In my computer classes at college, I learned about the importance of responsive web design and adaptive web design.

From my observations, the new site looks good on a phone, bad on a tablet, and almost unreadable on a desktop (I don’t laptop after getting a tablet).

My rule of thumb would be ‘the smaller the screen, the better it looks’. The only way I can stand to read the new site on a desktop is to zoom out to the limits of the software.

I suspect that this is temporary, and that the migration is the primary concern at this time (as it should be).

Denice,

I sincerely hope that Orac will soon get the show on the road because steeping myself solely in woo is not healthy.

Trust me, we're hard at work to move the show on the road for yesterday, if not last week :)

Alain

Dear Melissa,

I can't speak (write?) for Orac but, in my case, this will be done in due time. First priority is to get it to run and second, look good. Sadly, there are 168 hours in a given week and I'd personally need double that to manage my usual workload.

Alain

Mobile is where at least half of readers come from now these days. That's just a fact.

Even with my glasses on I don't like reading stuff on my mobile. If I enlarge the text I have to constantly move the screen around in order to read it. I want a nice big screen. I don't have a tablet and I don't want to get one. So take your time.

KIm ( AoA), noting the end of science blogs, says " good riddance" to those who would harm her children and colleagues.

-btw- it's all facebook now. The right place for her efforts.

Angus says we may be trying to bury evidence or suchlike.

By Denice Walter (not verified) on 30 Oct 2017 #permalink

I saw that and was suitably amused.

Johnny (#156) writes,

From my observations, the new site looks good on a phone, bad on a tablet, and almost unreadable on a desktop (I don’t laptop after getting a tablet).

MJD says,

I visited the new RI site today and it looks practically perfect in every way.

Just continue feeding the birds and move forward, Orac.

By Michael J. Dochniak (not verified) on 30 Oct 2017 #permalink

"Now that he’s kicked out of UT..."

Wait. The Kid got kicked out of school? I missed that bit of news. The administration must be relieved, insofar that they were even aware of him.

From http://www.autisminvestigated.com/about/

Jake Crosby is editor of Autism Investigated. ... He was dismissed from the Ph.D. Epidemiology program of the University of Texas School of Public Health, due to academic misconduct by the school’s administration.

Jake has yet, to my knowledge, to clarify exactly who has committed exactly what act of misconduct, but I would suspect that a comma has intentionally been left out of that sentence.

@Johnny #165:

Has he just libelled them? I mean, more seriously than usual?

By Rich Woods (not verified) on 30 Oct 2017 #permalink

and almost unreadable on a desktop

It's fine on a large monitor* with images blocked, but ABP for some reason is being difficult about this, viz., not showing all of them as blockable items, meaning that I have to add the rules by hand.

* As compared with commenter Dagian, I want a nice large keyboard even more.

^ The text size is awfully large (as is the header text, which, as I've noted, should be a trivial CSS tweak), but it's worse with CSS turned off entirely.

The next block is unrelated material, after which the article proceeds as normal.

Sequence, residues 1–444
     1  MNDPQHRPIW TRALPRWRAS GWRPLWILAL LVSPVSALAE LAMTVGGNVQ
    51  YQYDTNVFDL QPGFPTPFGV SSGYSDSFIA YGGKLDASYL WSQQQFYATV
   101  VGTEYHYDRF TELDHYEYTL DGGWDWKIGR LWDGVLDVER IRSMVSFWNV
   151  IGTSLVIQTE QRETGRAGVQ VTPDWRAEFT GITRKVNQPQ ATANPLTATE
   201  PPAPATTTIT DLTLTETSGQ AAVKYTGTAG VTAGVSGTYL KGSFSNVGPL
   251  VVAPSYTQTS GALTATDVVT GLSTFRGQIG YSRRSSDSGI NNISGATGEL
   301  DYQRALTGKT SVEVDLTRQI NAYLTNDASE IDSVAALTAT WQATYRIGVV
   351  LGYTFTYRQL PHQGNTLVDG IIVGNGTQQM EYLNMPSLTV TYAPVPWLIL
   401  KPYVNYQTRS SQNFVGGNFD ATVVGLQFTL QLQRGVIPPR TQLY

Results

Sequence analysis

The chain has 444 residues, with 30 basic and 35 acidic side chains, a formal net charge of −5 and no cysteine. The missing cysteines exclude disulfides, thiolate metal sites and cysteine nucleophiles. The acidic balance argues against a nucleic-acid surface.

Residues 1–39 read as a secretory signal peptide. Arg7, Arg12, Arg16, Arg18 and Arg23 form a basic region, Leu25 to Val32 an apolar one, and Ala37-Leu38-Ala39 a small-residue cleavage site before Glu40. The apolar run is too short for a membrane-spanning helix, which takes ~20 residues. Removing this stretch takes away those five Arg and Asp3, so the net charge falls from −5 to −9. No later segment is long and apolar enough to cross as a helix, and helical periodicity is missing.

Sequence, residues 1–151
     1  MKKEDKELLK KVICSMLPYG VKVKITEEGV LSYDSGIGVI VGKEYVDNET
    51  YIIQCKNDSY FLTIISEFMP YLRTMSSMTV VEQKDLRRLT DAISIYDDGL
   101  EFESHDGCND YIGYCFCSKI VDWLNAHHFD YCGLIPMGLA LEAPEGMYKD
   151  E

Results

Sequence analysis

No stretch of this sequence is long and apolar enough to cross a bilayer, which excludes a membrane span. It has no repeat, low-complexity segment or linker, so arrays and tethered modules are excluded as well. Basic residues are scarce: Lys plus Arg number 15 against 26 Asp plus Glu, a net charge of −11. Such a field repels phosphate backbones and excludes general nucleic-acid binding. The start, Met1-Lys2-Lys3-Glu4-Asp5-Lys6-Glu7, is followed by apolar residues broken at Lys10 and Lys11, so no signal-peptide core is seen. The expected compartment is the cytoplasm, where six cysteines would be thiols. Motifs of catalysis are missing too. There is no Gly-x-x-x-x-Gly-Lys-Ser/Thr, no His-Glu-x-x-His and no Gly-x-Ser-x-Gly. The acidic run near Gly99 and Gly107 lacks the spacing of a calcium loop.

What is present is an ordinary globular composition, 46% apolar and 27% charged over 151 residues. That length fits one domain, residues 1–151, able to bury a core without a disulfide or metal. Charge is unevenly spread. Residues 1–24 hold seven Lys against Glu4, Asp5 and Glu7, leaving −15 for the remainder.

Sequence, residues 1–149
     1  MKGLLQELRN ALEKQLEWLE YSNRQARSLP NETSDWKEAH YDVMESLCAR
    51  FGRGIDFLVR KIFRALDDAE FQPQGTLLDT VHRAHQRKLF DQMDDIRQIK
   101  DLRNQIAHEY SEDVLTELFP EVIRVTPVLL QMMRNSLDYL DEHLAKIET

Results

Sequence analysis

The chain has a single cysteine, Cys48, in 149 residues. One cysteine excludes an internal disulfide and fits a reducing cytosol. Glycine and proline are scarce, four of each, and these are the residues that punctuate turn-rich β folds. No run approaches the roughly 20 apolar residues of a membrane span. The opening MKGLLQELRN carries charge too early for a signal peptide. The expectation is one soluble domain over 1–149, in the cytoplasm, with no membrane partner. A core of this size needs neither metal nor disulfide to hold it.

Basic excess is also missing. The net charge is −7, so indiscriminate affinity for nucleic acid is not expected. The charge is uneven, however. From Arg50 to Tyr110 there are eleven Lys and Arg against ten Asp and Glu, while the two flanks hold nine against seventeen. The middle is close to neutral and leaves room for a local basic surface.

Johnny@165: I hadn't heard the news either, but I also spotted that dangling modifier. I expect that Mr. Crosby will provide the relevant details approximately when Hell freezes over.

By Eric Lund (not verified) on 30 Oct 2017 #permalink

^ Hey, did they delete this, or is the machine I'm at just flaky?

^^ "Insidious Pharma Shill #1: Dr. Paul Offit, a.k.a. 'Skeptical Raptor'"

It's a thing of beauty.

@ Narad:

Oh I know.

The quality of their detective work illustrates precisely how to regard their other investigations into various malfeasance of governments, corporations or media outlets..
Heh.

By Denice Walter (not verified) on 30 Oct 2017 #permalink

It’s fine on a large monitor...

27 inch iMac here, and the text "The future home of" in the title of the first post stretches across a full 5 inches of the screen, and the text "Right now, Orac is busily transferring content from the old blog to this shiny new" in the body of the post takes 6.5 inches. A full page of text in the main body of a post displays 38 lines.

Easy to read from the next room, sure, not so easy if you're in arms reach. 'Zoom out' is is going to be my new best friend.

27 inch iMac here, and the text “The future home of” in the title of the first post stretches across a full 5 inches of the screen

The images do smallify if one shrinks down the window. Y'know, like to phone size. But still with too much leading.

^ Lotta gas on the sides of the text as well, because the wrapper is bigger than the content area.

^ The leading is in style.css line 137, BTW, as 'line-height'.

^^ The margin gas is going to be a problem for so long as one thinks it's cutesy to have the image wrap around the top of the text, of course.

"KIm ( AoA), noting the end of science blogs, says ” good riddance” to those who would harm her children and colleagues.

-btw- it’s all facebook now. The right place for her efforts."

If (as she claims) only Facebook and other social media count, then it doesn't matter if AoA is "going strong" - no one is paying attention. :)

By Dangerous Bacon (not verified) on 30 Oct 2017 #permalink

Yow, that's huge. Looks okay at 80% though.

By Politicalguineapig (not verified) on 30 Oct 2017 #permalink

^ Hey, did they delete this, or is the machine I’m at just flaky?

Archive.is is good for rescuing material that the authors thought better of so only a cached version remains.
http://archive.is/fmeLs

By herr doktor bimler (not verified) on 30 Oct 2017 #permalink